Saturday, September 25, 2010

Nick Clegg's bland speech at the UN

Here is a link to Nick Clegg speaking to the UN.

Top points:

The prevention of nuclear weapons proliferation is another huge priority for the international community. The UK welcomes the success of the NPT Review Conference this May and I can assure the Assembly that we will continue to play our part in making the world safer from the threat of nuclear weapons.
Extending Trident, apart from being a ludicrous waste of £100 billion at a time of savage cuts to services to people, is a provocation and an invitation to other states to get the same WMD "security" blanket that the UK is supposed to enjoy. The only rational use of Trident is as a bargaining chip in a process of global elimination of nuclear weapons.

Effective peacebuilding, motherhood and apple pie can address the underlying causes of conflict and strengthen local, regional and national capacity to contribute to long-term stability in fragile States.
(see if you can spot the four words I added to his speech)
Real peacebuilding requires:
  1. Inhibition of formation of dictatorships
  2. UN to address the widespread problem of separatist tensions, conflicts, and wars
  3. Demilitarisation, since the world is STILL spending on arms every two weeks the amount of money required to keep the whole world fed, watered, doctored and educated for one year.
The UK remains fully committed to the mission to bring peace and prosperity to Afghanistan. 
The only way to do this is by buying the opium crop and using it to ease terminal pain in Africa. 

The work of international institutions must continue to be guided by the values on which those institutions were founded: the rule of law – both domestic and international; the right to freedom of expression and belief; democracy; and equality before the law.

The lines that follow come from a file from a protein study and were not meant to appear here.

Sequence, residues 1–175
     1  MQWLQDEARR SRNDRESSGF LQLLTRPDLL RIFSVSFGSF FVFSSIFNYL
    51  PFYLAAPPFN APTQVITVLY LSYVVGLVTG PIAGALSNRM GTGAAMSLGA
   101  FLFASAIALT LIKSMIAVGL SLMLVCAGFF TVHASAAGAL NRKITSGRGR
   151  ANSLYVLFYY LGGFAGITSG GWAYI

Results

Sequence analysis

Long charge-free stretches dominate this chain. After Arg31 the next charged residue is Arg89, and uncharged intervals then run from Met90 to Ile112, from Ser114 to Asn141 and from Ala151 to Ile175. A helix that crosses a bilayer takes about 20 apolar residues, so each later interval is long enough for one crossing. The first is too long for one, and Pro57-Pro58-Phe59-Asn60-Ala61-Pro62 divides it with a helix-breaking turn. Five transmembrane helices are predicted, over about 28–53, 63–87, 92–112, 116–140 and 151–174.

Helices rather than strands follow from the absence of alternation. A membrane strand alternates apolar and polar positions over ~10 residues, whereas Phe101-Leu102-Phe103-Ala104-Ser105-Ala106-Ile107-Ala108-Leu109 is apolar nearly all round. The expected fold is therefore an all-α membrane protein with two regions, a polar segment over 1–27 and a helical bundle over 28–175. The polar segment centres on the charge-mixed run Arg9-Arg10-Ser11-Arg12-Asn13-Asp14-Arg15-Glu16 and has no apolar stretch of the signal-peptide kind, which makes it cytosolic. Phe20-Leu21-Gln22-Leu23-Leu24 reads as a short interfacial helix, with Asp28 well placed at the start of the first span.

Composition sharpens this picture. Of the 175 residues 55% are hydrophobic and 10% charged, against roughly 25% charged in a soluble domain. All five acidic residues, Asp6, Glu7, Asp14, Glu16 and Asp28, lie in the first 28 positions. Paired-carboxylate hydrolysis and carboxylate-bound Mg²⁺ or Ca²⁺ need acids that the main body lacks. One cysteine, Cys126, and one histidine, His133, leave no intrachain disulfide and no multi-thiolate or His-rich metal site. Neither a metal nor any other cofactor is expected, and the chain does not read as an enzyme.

These values are sometimes described as ‘Western’ values – but only by people who do not know their history. Four centuries ago, the great Mughal emperor Akbar was legislating for religious freedom and equality in what is now India, while in parts of Europe ‘heretics’ were being burned at the stake.
Good point. Credit where it is due. Also the example of Cyrus the Great. And the story of Kaveh the blacksmith, an early popular revolutionary.

The UK will therefore continue to push for human rights across the world. Since the Universal Declaration of Human Rights in 1948, the UN has developed a global legal framework of human rights standards. We want to see the Human Rights Council do more to ensure that states implement their obligations and use the 2011 Review to improve the Council’s ability to respond effectively to situations of concern, such as the outrageous abuse of democracy and human rights in Burma. Good. I will write to him concerning the Index of Human Rights, including the part concerning the prevention of the slide into dictatorship.

The United Kingdom will also show leadership by example. As fierce advocates of the international rule of law, we will practice what we preach. No nation can insist on the law, and then act as though it is above it.

Is this a coded attack on David Milliband's sanctioning of torture while at the Foreign Office?

So, some good points, but overall a speech with a feeble scattering of content.



Hello Doc Dick - I hope you're well.

Trident is clearly only a deterrent; it is worthless as a first strike or retaliation weapon.

As a deterrent we actually only need one of them and it certainly doesn’t need to be based in an ancient submarine.

With countries like Iran flexing their nuclear muscles it could be argued that Trident is no longer a deterrent.

DocRichard said...

I think it is possible that, given the political will, we could negotiate nuclear stockples down to zero.

Colin Hines had the interesting idea many years ago that the UN should have ONE nuclear weapon ready to be assembled to deter any rogue state the might show signs of relapsing into the nuclear psychosis.

Dan Plesch is worth reading on general nuclear disarmament. He envisions copying and pasting the START agreement all over the world on a regional basis.

The most important idea to get into our heads at this stage is to believe that general nuclear disarmament is indeed possible.